Lettuce is one of the favorite green leafy vegetables. Its crispy, green/crimson-red leaves are one of the incredible sources of essential nutrients that benefit health. Indeed, it is among the most sought after greens, be it in your crunchy green salads or healthy sandwiches!
Lettuce leaves exude milk-like fluid (sap) when cut, and hence its name derived from Latin Lactuca for milk. Botanically this marvelous, nutrition rich leafy green belongs to the daisy family of Asteraceae. Scientific name: Lactuca sativa. Lactuca sativa is a small sized annual plant that flourishes well under sandy, humus soil. There are about six cultivars varieties exist based on their head formation and leaf structure. Leaf types with more bitter taste are rather rich in nutrients as well as antioxidants.
Health benefits of Lettuce
•Lettuce leaves are one of the very low-calorie green vegetables. 100 g fresh greens provide just 15 calories. Nonetheless, they are the storehouse of many phytonutrients that possess health promoting and disease prevention properties.
•Vitamins in lettuce are plentiful. Its fresh leaves are an excellent source of several Vitamin-A and β-carotenes. Just 100 g of fresh, raw-lettuce provides 247% of daily vitamin A, and 4443 µg of β-carotene (Carotenes convert into vitamin-A in the body; 2 µg of carotene is considered equivalent to 1 IU of vitamin-A). These compounds have antioxidant properties. Vitamin A is required for maintaining healthy mucosa and skin and is also essential for vision. Consumption of natural fruits and vegetables rich in flavonoids helps to protect the body from lung and oral cavity cancers.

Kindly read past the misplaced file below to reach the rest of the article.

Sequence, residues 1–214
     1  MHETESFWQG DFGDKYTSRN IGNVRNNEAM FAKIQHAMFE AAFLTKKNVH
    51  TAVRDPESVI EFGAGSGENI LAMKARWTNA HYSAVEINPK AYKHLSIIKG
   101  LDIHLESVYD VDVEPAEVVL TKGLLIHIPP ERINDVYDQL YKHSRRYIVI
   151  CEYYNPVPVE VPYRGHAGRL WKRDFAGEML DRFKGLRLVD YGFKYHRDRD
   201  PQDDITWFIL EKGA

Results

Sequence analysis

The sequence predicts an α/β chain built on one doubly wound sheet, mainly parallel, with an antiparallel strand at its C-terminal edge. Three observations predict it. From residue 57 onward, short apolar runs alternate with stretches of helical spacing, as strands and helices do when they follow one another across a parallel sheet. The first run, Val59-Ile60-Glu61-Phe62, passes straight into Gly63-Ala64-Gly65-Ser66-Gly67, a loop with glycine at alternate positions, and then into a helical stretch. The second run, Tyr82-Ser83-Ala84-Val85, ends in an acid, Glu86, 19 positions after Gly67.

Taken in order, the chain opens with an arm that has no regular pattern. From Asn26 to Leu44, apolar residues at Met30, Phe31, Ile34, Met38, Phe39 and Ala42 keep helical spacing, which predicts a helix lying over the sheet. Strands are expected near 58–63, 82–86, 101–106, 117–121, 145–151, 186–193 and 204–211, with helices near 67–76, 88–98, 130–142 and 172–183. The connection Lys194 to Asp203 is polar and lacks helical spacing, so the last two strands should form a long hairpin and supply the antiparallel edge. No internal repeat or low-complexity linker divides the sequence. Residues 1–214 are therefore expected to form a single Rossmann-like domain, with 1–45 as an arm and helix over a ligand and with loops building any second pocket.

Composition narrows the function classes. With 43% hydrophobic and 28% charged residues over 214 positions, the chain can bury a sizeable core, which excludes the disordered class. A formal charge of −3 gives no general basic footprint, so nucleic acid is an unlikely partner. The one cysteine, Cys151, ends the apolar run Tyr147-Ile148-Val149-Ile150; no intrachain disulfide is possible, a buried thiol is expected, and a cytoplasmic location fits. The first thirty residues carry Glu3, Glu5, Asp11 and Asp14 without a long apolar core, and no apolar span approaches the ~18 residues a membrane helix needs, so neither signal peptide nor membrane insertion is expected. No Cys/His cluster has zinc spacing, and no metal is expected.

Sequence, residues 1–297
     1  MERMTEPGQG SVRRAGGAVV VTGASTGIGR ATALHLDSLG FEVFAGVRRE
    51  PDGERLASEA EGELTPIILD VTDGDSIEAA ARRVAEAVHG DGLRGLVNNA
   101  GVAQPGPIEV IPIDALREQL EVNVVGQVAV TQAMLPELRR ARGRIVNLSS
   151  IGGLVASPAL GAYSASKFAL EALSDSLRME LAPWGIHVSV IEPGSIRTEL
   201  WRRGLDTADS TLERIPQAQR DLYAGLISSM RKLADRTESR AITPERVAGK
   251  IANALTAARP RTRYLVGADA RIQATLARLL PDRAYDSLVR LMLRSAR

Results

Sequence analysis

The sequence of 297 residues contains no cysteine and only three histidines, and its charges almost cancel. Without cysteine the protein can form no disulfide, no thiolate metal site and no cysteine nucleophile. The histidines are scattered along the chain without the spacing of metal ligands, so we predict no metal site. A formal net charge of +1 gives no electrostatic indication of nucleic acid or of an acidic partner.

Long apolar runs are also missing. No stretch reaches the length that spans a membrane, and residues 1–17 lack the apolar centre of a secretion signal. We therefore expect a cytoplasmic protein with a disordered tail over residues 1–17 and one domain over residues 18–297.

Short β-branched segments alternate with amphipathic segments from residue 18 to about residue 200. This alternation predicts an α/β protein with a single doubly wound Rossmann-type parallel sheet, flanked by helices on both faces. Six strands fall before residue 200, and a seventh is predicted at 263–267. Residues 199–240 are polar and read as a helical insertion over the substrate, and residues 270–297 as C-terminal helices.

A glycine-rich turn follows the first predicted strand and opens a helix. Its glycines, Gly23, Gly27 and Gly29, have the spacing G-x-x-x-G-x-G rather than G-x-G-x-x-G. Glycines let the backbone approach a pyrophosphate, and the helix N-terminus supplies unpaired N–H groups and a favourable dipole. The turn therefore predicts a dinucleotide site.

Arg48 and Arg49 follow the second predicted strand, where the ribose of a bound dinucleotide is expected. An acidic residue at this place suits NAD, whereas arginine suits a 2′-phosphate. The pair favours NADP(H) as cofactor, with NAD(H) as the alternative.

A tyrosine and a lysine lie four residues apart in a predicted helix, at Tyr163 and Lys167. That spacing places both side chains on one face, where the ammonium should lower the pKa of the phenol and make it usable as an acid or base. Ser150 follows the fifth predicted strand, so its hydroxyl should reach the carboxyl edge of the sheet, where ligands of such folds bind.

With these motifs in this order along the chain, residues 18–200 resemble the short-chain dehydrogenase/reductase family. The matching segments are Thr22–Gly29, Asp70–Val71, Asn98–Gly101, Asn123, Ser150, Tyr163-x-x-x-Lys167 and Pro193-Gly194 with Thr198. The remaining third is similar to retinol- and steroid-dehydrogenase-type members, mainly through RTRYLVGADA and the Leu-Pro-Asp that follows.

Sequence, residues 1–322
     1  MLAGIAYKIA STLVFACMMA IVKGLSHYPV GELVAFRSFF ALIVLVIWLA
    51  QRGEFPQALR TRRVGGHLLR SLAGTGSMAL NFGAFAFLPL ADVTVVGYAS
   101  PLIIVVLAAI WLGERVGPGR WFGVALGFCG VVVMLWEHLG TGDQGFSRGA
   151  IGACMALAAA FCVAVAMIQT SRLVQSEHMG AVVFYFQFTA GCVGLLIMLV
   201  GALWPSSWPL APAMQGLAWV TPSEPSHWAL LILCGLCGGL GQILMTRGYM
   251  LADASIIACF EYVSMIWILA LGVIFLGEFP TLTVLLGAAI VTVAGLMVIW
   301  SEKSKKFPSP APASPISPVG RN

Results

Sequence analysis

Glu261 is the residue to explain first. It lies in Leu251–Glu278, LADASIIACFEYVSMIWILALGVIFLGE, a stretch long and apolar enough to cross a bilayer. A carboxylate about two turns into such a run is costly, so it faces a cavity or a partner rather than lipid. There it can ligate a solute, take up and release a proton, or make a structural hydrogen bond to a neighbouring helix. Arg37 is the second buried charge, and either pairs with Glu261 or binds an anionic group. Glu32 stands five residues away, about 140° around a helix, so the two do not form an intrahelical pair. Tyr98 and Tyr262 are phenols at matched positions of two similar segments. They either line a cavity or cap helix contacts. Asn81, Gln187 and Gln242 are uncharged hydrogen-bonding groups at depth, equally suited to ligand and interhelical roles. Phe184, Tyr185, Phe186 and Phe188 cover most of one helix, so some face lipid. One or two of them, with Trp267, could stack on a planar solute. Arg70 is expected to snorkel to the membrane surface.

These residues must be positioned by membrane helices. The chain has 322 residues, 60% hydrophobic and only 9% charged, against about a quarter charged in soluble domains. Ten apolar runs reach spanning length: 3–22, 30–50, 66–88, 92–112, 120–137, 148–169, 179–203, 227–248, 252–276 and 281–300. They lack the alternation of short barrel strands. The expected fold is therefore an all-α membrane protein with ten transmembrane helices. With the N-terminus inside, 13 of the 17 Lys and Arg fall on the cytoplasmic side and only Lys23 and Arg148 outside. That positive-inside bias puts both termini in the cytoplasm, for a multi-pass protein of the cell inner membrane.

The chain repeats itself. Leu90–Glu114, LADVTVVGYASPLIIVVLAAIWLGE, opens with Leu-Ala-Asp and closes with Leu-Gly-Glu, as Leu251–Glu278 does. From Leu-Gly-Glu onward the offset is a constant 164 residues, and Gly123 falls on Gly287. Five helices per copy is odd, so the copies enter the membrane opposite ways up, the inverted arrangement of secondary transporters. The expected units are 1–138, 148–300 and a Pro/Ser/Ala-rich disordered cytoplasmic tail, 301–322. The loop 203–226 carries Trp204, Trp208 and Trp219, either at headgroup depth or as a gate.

•It is a rich source of vitamin-K. Vitamin-K has a potential role in the bone metabolism where it thought to increase bone mass by promoting osteoblastic activity in the bone cells. It also has an established role in the Alzheimer’s disease patients by limiting neuronal damage in the brain.
•Fresh leaves contain good amounts folates and vitamin C. Folates are part of co-factors in the enzyme metabolism required for DNA synthesis and therefore, play a vital role in the prevention of the neural tube defects in the baby (fetus) during pregnancy.
•Vitamin C is a powerful natural antioxidant; regular consumption of foods rich in vitamin-C helps the body develop resistance against infectious agents and scavenge harmful, pro-inflammatory free radicals.
•Zeaxanthin (1730 µg per 100 g), an important dietary carotenoid in lettuce, is selectively absorbed into the retinal macula lutea, where it thought to provide antioxidant and filter UV rays damaging the retina. Diet rich in xanthin and carotenes is believed to offer some protection against age-related macular disease (ARMD) in the older adults.
•It also contains healthy amounts of minerals like iron, calcium, magnesium, and potassium, which are very much essential for body metabolism. Potassium is an important component of cell and body fluids that helps controlling heart rate and blood pressure. The body uses manganese as a co-factor for the antioxidant enzyme, superoxide dismutase. Copper required in the production of red blood cells. Iron is essential for red blood cell formation.
•It is rich in the B-complex group of vitamins like thiamin, vitamin B-6 (pyridoxine), riboflavins.
Regular inclusion of lettuce in salads is known to prevent osteoporosis, iron-deficiency anemia, and believed to protect from cardiovascular diseases, ARMD, Alzheimer’s disease and cancers.
Here are some serving tips:
•Raw, fresh lettuce commonly used in salads, burgers, spring rolls, and sandwiches.
•Chinese-lettuce is ideal for stir-fries or stews and can be added to noodles as well as in fried rice preparations.
The leafy green also combines well with garden peas, green beans as well as seafood like shrimp, prawns, etc.